108 mins

Few mockumentaries have received as much media attention as I’m Still Here, although this is largely due to the manner in which the press was coerced into participating in the project: in late 2008, movie star Joaquin Phoenix announced that he was retiring from acting to pursue a music career, a statement that was swiftly reported by entertainment news programmes and the celebrity-obsessed blogosphere. Phoenix received Academy Award nominations for his performances as a Roman emperor in Gladiator (2000) and as country singer Johnny Cash in Walk the Line (2005), while maintaining independent credentials through his frequent collaborations with writer-director James Gray. If he had yet to achieve megastar status - an increasingly unrealistic expectation for any actor in a movie-making era dominated by special effects-heavy franchises - Phoenix was certainly well-known enough for his ‘retirement’ to fuel the rumour mill: was this a very public breakdown, or a hoax, or a genuine desire to try a different form of self-expression? The media further speculated on the actor’s professional shift when Phoenix performed his latest rap material at a Las Vegas club in early 2009, with his friend and brother-in-law Casey Affleck filming his set for a documentary project that would be titled I’m Still Here. Writing for the Chicago Sun Times in September 2010, Robert Ebert described the film as ‘a sad and painful documentary’, dealing with a ‘gifted actor who apparently by his own decision has brought desolation upon his head’. Ebert also noted ‘subtle signs’ that I’m Still Here may be ‘part of an elaborate hoax’.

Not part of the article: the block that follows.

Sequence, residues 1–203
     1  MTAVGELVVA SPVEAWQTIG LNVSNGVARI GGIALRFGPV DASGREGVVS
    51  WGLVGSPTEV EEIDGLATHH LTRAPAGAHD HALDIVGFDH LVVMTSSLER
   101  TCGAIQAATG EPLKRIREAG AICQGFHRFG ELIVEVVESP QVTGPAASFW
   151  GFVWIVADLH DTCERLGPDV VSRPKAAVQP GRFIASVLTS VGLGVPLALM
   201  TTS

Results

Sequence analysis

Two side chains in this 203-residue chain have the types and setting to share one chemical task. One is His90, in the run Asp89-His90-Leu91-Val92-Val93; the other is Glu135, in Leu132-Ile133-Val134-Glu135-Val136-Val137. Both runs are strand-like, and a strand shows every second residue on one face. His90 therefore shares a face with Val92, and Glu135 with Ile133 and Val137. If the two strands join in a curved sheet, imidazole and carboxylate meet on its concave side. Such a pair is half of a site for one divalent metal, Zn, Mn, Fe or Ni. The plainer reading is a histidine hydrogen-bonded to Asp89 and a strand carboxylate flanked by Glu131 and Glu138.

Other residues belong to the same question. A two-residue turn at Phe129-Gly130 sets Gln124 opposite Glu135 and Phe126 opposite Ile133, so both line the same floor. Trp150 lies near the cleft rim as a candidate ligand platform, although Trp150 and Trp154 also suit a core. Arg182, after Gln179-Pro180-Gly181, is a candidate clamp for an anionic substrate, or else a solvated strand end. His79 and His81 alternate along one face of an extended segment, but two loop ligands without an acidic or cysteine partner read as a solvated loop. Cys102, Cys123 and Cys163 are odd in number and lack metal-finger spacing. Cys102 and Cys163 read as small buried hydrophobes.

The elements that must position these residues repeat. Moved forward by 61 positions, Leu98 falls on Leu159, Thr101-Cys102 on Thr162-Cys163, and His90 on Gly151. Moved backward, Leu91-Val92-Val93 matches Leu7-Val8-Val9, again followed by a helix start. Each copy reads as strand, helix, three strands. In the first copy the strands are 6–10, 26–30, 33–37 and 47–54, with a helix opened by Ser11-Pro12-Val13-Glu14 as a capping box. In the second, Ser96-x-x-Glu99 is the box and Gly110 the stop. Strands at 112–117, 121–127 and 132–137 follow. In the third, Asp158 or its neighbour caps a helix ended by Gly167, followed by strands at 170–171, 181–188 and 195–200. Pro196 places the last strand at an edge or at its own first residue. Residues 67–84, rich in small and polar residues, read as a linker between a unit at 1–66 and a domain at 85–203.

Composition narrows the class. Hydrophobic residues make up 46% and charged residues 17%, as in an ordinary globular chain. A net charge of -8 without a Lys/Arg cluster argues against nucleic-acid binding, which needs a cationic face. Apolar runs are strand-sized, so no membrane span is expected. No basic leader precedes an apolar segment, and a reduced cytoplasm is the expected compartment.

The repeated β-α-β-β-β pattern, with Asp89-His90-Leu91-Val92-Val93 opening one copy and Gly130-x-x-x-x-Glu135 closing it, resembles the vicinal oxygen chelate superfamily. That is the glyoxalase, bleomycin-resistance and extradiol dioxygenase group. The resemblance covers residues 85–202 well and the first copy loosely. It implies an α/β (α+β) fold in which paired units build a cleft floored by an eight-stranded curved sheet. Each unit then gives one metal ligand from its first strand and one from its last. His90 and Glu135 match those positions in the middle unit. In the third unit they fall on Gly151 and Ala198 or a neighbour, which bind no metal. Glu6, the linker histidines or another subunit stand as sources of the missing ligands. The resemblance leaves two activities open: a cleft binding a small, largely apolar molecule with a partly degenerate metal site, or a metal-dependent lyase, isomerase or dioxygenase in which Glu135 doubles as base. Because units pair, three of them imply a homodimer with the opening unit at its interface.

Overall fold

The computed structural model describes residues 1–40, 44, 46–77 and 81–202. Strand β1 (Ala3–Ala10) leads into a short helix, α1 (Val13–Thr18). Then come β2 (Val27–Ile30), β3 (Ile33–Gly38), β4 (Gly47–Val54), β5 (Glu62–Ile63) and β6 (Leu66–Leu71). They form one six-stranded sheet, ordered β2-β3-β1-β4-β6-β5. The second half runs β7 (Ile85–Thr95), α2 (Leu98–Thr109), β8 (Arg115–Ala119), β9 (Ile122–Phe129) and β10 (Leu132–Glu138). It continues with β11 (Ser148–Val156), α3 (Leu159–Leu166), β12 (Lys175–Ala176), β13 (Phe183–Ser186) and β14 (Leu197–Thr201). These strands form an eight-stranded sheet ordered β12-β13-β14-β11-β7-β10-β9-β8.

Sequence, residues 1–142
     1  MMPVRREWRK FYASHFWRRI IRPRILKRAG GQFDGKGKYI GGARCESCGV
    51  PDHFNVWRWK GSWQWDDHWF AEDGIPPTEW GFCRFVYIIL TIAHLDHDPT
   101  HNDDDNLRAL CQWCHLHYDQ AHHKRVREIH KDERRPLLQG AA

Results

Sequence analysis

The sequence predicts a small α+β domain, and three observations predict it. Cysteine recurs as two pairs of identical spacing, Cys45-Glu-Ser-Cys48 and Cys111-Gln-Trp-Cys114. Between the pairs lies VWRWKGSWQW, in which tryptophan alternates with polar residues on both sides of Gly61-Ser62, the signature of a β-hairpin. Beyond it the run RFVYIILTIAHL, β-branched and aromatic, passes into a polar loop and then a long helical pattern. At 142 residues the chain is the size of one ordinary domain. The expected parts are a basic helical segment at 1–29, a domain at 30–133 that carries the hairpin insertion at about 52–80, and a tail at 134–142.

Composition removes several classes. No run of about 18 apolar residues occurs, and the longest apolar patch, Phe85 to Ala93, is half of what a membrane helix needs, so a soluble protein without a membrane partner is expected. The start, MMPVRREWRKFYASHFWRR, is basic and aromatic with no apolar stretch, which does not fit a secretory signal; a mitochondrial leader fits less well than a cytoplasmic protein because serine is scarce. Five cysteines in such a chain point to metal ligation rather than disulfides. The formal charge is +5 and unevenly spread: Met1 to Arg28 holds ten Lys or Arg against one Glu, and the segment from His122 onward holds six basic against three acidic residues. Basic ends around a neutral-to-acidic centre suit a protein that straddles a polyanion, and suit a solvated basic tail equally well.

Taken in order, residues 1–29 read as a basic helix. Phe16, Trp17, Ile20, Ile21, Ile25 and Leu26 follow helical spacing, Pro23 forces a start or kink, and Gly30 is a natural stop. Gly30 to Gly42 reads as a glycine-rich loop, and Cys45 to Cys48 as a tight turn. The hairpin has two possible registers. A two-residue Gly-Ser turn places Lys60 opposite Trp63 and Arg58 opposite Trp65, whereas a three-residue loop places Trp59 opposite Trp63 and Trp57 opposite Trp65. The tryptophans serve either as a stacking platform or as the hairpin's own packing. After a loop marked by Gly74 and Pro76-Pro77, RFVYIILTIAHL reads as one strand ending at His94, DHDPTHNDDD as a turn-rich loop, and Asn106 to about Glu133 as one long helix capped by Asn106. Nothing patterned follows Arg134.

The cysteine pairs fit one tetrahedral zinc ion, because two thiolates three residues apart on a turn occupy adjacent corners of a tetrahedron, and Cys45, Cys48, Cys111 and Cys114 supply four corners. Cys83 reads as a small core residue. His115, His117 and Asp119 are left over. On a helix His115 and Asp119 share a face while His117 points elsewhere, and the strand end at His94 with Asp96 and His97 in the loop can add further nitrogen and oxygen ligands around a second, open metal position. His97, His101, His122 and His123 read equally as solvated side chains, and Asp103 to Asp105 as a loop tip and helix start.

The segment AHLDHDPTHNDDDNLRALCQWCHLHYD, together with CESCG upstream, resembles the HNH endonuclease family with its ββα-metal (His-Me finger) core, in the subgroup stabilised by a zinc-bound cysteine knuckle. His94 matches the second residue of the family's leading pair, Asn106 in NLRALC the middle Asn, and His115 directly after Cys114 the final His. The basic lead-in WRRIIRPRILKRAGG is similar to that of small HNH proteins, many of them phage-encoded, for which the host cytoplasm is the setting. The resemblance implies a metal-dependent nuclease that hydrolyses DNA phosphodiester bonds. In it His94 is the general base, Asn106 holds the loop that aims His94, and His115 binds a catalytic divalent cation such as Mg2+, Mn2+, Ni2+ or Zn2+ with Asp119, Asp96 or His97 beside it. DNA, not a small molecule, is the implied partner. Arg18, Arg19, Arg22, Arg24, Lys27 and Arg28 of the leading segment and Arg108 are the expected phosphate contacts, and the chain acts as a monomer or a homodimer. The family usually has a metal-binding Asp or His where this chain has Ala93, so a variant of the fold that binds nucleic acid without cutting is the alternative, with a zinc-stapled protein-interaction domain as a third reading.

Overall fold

The suspicions of Ebert and other critics were proved correct when Affleck explained the intentions of his collaboration with Phoenix in a number of interviews that followed the theatrical release of I’m Still Here; they wanted to explore the nature of celebrity, commenting on the relationship that both audiences and journalists have with stars in the era of new media and reality television. What their mockumentary actually observes is a breakdown in such relations, as Phoenix becomes increasingly isolated due to intense media attention. He begins the film by claiming to feel trapped in ‘a self-imposed prison of characterisation’ due to the mass perception that he is ’emotional, intense and complicated’, an identity that he concedes to creating through his choice of roles but one that he feels has been exaggerated through media pigeonholing. As he no longer wants to ‘play the character of Joaquin’, Phoenix abandons his acting career to record rap music, with Sean Combs producing his debut album and live performances scheduled in Las Vegas. Industry commentators do not wait to listen to any material before passing judgment, labelling this choice as career suicide, while ridiculing the ‘former’ actor’s increasingly unkempt appearance as Phoenix goes from svelte leading man to bearded rapper with noticeable weight gain. He becomes a laughing stock in Hollywood, alienates his ‘general assistant’ Antony (Spacehog guitarist Antony Langdon) and gets into a fight while performing to an audience that is more interested in capturing a falling star with their camera phones than in listening to his lyrics.